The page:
Does Marriage Inhibit Antisocial Behavior? An Examination of Selection vs Causation via a Longitudinal Twin Design

Department of Psychology, Michigan State University, East Lansing, 48824, USA.
Archives of general psychiatry (Impact Factor: 14.48). 12/2010; 67(12):1309-15. DOI: 10.1001/archgenpsychiatry.2010.159
Source: PubMed


Previous studies have indicated that marriage is negatively associated with male antisocial behavior. Although often interpreted as a causal association, marriage is not a random event. As such, the association may stem from selection processes, whereby men less inclined toward antisocial behavior are more likely to marry.
To evaluate selection vs causation explanations of the association between marriage and desistence from antisocial behavior.
Co-twin control analyses in a prospective twin study provided an analogue of the idealized counterfactual model of causation. The co-twin control design uses the unmarried co-twin of a married twin to estimate what the married twin would have looked like had he remained unmarried. Discordant monozygotic (MZ) twins are particularly informative because they share a common genotype and rearing environment.
General community study.
Two hundred eighty-nine male-male twin pairs (65.1% MZ) from the Minnesota Twin Family Study underwent assessment at 17, 20, 24, and 29 years of age. None of the participants were married at 17 years of age, and 2.6% were married at 20 years of age. By 29 years of age, 58.8% of the participants were or had been married.
A tally of criterion C symptoms of DSM-III-R antisocial personality disorder, as assessed via structured clinical interview.
Mean differences in antisocial behavior across marital status at age 29 years were present even at 17 and 20 years of age, suggesting a selection process. However, the within-pair effect of marriage was significant for MZ twins, such that the married twin engaged in less antisocial behavior following marriage than his unmarried co-twin. Results were equivalent to those in dizygotic twins and persisted when controlling for prior antisocial behavior.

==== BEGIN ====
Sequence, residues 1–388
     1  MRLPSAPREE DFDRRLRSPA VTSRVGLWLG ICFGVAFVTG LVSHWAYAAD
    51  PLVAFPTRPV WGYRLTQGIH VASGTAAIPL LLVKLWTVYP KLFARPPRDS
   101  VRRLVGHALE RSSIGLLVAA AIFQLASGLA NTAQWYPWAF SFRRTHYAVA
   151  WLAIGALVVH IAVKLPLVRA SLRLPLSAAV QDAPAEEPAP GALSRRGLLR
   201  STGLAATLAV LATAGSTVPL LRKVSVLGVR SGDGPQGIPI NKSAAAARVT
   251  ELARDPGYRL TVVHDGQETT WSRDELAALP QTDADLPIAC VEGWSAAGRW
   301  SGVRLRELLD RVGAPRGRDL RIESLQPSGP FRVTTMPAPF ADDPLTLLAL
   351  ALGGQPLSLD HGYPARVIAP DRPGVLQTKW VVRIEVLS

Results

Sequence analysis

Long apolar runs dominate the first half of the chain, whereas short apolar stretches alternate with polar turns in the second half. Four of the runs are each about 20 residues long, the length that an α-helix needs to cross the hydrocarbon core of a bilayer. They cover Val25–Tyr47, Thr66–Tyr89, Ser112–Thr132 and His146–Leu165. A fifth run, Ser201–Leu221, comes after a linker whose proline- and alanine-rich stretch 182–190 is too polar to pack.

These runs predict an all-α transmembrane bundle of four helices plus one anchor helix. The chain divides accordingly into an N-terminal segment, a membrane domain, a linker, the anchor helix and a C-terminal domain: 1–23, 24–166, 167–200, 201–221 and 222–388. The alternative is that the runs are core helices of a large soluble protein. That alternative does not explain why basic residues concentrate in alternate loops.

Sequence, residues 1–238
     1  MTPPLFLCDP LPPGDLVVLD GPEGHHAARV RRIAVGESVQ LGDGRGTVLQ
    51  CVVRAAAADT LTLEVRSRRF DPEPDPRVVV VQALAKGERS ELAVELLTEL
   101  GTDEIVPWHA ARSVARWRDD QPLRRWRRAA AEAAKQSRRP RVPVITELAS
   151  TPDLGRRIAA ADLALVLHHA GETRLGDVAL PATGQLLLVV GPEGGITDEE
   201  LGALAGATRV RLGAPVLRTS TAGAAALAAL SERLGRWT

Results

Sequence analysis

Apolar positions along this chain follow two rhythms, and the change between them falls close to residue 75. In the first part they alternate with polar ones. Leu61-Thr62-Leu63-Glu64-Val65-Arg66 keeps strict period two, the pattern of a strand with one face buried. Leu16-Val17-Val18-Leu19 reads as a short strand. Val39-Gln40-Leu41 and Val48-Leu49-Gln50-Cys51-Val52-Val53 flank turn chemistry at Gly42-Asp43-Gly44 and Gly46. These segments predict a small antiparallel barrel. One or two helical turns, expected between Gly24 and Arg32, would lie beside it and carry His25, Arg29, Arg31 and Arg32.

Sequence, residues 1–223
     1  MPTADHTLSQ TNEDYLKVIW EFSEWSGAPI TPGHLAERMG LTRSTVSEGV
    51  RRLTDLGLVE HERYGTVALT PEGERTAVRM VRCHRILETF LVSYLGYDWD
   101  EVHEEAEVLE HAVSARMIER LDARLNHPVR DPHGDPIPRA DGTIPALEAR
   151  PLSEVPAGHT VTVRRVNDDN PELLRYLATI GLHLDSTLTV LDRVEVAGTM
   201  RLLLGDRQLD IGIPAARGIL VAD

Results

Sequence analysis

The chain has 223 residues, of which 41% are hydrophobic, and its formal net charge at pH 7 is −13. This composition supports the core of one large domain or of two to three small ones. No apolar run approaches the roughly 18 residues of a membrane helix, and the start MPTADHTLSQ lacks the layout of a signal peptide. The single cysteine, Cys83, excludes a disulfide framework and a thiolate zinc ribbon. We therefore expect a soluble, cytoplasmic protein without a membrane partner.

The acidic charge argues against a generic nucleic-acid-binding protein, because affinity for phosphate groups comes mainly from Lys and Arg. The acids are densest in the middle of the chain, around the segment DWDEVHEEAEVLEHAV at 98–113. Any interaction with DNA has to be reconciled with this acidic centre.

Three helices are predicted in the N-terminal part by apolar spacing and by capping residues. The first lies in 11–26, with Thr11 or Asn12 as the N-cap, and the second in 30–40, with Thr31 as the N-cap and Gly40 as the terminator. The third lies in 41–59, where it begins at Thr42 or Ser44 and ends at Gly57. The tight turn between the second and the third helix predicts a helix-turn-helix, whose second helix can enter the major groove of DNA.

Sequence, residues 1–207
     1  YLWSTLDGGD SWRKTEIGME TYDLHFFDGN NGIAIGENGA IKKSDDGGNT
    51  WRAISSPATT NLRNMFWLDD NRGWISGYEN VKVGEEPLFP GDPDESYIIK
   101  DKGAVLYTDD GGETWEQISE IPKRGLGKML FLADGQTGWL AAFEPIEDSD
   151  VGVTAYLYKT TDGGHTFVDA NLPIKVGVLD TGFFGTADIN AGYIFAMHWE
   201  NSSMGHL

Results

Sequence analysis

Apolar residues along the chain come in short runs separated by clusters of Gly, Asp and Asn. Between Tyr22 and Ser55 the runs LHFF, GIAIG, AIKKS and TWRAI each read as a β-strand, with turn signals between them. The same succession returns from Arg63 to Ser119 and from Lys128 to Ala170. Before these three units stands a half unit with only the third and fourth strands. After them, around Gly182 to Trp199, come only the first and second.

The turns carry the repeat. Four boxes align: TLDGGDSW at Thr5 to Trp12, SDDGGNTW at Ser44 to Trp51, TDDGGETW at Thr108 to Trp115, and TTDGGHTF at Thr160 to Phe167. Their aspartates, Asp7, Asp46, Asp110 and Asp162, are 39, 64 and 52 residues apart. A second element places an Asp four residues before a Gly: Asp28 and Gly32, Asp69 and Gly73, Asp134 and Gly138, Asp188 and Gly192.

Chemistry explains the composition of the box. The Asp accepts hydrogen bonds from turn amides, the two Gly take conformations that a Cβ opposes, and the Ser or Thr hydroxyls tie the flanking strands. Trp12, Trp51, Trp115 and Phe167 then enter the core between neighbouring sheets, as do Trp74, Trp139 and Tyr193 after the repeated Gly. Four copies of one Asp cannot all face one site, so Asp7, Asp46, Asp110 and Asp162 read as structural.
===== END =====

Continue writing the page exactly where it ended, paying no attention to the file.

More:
Results indicate an initial selection effect, whereby men with lower levels of antisocial behavior are more likely to marry. However, this tendency to refrain from antisocial behavior appears to be accentuated by the state of marriage.

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Available from: Mikhila N Wildey, Jan 29, 2014
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    • "hould include measures that capture these concepts in order to get better insight into this , and to separate causal from possible selective explanations . Nevertheless , differ - ent studies have proved that selection effects should not be overestimated in explaining the relationship between union type and psychological wellbeing ( Brown , 2000 ; Burt et al . , 2010 ; Horn , Xu , Beam , Turkheimer , & Emery , 2013 ; Lamb , Lee , & DeMaris , 2003 ) . In particular , the study by Lu , Qian , Cunningham , and Li ( 2012 ) shows that selection effects are more present when cohabitation is exceptional , but seem to disappear when it becomes a normality in society . Therefore , as in Flanders , where coha"
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    • "Married people therefore live longer because they enjoyed good health even before marriage (Goldman, 1993a; Mastekaasa, 1992; Manfredini, et al. 2010). Besides physical and mental health, which directly affect marriage selection, other factors have an indirect effect, such as physical attractiveness, income, level of education, health-related habits and emotional stability (Burt et al., 2010; Dixson et al. 2007; Hemstr€ om, 1996; Kiernan, 1988; South, 1991). Research on attractiveness indicates that body height is one of the most important characteristics determining overall physical attractiveness and differentiating chances in mating (Hensley, 1994; Shepperd and Strathman, 1989). "
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